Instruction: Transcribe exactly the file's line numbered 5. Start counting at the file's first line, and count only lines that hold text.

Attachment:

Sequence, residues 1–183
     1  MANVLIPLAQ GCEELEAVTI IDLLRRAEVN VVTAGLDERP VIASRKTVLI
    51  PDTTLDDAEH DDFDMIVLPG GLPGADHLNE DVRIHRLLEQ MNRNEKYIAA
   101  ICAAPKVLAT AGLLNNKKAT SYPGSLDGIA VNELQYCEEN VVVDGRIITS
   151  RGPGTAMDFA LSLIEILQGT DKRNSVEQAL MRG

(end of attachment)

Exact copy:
   151  RGPGTAMDFA LSLIEILQGT DKRNSVEQAL MRG